Workloads such as line-of business applications are hosted in separate, isolated workspaces. These workspaces provide the required infrastructure and management services to securely deploy workload resources and are quickly and easily instantiated to preserve developer agility. Workspaces adhere to the virtual datacenter's access control and policy standards, which can be augmented with additional workspace-specific rules. Workspaces are configured by policy to route all external traffic through the central IT infrastructure, where organizational policies can be applied. Multiple workloads can be deployed to a single workspace, or in separate, isolated workspaces.
To use a virtual datacenter as a trusted datacenter extension, you need to know the level of control you have over your resources and the degree of trust you place in specific elements of the platform. The underlying Azure platform takes on all the responsibilities for physical infrastructure maintenance and security. In a traditional on-premises datacenter, your organization would assume these responsibilities. In addition to handing off responsibility for the physical assets involved in a running a datacenter, you also need to be sure that you can trust the Azure platform to provide you with the controls and management tools to build secure solutions in the multitenant cloud.
When it comes to compliance, Microsoft is building products to make customers' lives easier. The Azure platform has the largest compliance portfolio in the industry and continues to grow every year. However, while Microsoft implements compliance measures at the platform level, you must also do your part within the applications you create on the platform.
The Microsoft Compliance Manager tool provides transparency into the controls managed by the platform and the controls you are responsible for managing. The tool also helps you understand compliance for those controls. Whether that involves a configuration on the platform such as encryption or multi-factor authentication or a knowledgebase article on a process like role assignments, the goal is the same.
Figure 3. The Microsoft Compliance Manager dashboard.
Azure organizes its platform capabilities into geographic regions. Each contains one or more datacenters located in relative proximity to each other to support robust high availability and disaster recovery scenarios. A world map shows Azure datacenters (as of October 2017) on most every continent. This reach enables you to deliver your solutions close to your customers and employees and compete in even more geographic markets.
Figure 4. The Azure platform is supported by a growing network of Azure-managed datacenters around the world.
Azure datacenters contain physical network, compute, and storage devices like any traditional physical datacenter, just at hyper-scale. So at some level, the same facility maintenance, security, and access control requirements you already apply in your physical datacenter also apply to Azure datacenters. The main difference is that those requirements are managed by the Azure datacenter staff, rather than your own teams.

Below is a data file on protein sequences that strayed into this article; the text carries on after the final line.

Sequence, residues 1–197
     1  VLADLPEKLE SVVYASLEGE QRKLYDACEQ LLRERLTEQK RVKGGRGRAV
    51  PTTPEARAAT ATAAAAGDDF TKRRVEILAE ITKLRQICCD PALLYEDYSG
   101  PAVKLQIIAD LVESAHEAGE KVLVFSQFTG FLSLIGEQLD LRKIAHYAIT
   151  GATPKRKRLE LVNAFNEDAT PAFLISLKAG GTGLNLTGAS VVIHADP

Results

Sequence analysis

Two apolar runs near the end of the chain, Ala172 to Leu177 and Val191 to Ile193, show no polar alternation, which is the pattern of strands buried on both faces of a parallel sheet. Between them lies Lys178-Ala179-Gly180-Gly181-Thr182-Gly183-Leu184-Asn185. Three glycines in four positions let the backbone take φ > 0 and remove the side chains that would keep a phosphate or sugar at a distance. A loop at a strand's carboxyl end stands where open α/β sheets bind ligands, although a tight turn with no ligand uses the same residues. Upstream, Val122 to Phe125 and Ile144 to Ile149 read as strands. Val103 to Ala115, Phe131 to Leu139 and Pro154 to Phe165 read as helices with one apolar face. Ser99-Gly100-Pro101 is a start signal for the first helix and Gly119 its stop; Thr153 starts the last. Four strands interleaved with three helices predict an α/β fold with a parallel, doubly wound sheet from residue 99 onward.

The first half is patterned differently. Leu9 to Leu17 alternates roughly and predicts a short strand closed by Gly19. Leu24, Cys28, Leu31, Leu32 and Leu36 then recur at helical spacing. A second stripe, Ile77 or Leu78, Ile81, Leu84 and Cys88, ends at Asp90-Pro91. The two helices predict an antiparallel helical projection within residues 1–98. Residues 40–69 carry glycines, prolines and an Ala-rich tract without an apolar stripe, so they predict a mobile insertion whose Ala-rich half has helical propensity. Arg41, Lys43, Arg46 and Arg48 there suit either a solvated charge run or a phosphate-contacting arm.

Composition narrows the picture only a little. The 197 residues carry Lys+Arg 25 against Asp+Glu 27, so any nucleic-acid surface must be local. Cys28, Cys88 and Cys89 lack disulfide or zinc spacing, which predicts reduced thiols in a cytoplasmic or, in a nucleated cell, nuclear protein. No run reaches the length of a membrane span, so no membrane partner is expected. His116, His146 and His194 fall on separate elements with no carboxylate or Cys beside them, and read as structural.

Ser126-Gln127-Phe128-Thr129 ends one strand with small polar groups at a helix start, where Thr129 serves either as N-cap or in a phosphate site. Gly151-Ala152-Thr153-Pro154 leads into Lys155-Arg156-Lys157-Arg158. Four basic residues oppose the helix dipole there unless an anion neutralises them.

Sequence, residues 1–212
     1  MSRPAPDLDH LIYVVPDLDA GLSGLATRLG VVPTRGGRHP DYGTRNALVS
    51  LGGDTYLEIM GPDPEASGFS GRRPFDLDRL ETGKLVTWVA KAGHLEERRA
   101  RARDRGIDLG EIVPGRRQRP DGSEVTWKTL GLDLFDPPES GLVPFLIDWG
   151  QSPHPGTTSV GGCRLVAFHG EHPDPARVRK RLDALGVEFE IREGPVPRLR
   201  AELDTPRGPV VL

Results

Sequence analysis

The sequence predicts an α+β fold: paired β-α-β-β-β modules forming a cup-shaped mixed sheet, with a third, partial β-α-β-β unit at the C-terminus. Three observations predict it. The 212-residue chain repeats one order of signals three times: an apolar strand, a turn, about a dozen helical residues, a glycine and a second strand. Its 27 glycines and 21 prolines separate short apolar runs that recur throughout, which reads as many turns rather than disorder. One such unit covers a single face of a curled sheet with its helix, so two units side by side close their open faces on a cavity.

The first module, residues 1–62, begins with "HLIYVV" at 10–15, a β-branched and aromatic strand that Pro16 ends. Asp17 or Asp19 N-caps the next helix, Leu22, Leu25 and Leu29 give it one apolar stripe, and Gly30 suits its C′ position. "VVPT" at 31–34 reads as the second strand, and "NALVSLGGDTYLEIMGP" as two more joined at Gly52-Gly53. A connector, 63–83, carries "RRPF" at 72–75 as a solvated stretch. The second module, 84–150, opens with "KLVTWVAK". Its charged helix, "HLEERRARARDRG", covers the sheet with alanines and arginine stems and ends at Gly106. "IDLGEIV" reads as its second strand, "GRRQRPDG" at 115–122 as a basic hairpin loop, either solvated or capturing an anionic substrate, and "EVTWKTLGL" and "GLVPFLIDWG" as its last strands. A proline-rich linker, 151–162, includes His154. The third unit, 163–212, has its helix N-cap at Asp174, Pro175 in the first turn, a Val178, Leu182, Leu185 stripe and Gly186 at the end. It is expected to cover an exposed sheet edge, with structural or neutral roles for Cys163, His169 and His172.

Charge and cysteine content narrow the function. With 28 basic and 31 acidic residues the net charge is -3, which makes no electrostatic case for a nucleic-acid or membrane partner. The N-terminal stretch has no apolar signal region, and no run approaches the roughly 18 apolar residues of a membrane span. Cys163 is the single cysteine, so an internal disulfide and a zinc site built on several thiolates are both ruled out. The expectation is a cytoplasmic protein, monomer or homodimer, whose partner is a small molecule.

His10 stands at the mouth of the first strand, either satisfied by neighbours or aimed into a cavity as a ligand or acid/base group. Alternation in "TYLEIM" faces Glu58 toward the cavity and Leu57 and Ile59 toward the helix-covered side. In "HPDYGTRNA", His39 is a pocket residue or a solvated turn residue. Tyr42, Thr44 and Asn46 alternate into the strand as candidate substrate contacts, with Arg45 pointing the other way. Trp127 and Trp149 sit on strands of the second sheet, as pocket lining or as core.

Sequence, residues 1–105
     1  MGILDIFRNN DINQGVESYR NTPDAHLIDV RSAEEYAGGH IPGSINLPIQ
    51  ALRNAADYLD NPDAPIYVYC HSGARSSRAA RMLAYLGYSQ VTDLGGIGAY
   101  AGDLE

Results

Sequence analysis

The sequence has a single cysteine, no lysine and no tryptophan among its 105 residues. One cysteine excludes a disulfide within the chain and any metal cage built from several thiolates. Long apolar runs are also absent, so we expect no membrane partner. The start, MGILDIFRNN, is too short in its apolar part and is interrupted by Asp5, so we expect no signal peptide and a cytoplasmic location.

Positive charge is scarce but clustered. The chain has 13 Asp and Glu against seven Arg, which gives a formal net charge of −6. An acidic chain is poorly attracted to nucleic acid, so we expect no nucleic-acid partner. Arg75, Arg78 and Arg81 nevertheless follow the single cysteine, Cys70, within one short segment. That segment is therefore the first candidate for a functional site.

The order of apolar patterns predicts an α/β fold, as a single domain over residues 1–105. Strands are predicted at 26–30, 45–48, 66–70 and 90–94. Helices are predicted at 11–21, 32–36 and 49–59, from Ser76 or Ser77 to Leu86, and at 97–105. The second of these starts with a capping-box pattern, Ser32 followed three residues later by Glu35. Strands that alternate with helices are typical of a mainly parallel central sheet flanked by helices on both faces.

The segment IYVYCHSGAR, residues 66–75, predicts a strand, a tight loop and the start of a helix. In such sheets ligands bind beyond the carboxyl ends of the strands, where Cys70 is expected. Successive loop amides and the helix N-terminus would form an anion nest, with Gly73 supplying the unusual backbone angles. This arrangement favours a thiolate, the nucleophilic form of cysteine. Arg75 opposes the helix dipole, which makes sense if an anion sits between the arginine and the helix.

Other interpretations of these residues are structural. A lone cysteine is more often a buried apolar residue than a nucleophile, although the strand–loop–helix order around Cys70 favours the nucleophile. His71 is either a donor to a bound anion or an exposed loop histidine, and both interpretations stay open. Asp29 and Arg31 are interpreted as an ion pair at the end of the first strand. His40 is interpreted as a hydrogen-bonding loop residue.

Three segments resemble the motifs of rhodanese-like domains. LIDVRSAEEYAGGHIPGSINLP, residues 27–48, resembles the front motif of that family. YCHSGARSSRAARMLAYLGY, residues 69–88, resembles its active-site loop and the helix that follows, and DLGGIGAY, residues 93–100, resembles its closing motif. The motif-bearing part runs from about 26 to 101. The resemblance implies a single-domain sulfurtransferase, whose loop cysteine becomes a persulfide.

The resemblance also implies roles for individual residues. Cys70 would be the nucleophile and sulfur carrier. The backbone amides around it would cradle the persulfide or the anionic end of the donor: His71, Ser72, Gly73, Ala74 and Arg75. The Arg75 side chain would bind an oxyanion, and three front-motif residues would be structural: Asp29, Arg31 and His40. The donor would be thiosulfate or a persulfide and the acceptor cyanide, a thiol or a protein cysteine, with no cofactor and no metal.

Because of Azure's global reach, data sovereignty can be an important concern that you didn't have to deal with when only maintining your on-premises infrastructure. Governance policies can be applied to your Azure subscriptions to ensure that resources are deployed only to regions that meet your data residency requirements. To see which Azure region is right for you, see the Azure datacenters website.
For business continuity and disaster recovery scenarios, each Azure region is paired with complementary geo-political regions (for example, North Europe and West Europe regions). Regional pairs (with the exception of Brazil South and Southeast Asia/East Asia) offer the same data-residency and sovereignity for both members of the pair. Replicating resources across paired regions reduces the likelihood of natural disasters, civil unrest, power outages, or physical network outages affecting both regions at once.
Azure further breaks down regions into multiple availability zones—low-latency, connected environments supporting highly available applications. Availability zones help protect against any potential outage within a specific datacenter in a region.
By default, resources in a virtual datacenter exist within a single Azure region, allowing components to connect with greater security and with minimum network latency. Just as you might replicate your physical datacenter to provide a high-availability infrastructure, instances of a virtual datacenter can be created in multiple regions. Applications executing within a workspace can take advantage of all Azure high-availability features within a region and across regions. For example, using Global VNet Peering, it is possible to extend the virtual datacenter across regions. Features such as SQL Database geo-replication also help to keep multiple instances of workloads in sync and available.
In the multitenant cloud environment, a subscription provides the first layer of isolation through its association with Azure Active Directory (Azure AD). Azure AD isolates identity information and provides authentication for accessing a subscription and its resources. Azure AD can also support Azure Multi-Factor Authentication (MFA), which provides a highly recommended second layer of authentication security.
Azure AD roles are essential for a virtual datacenter using Role-Based Access Control (RBAC). RBAC is used for controlling management access to resources such as services, virtual machines, storage, and databases. RBAC can enable access to a resource for an individual Azure AD user or group, or an Azure AD role. However, the settings within a resource are often governed by that resource's internal configuration, not RBAC. For example, access to the guest operating system of a virtual machine is configured within the operating system.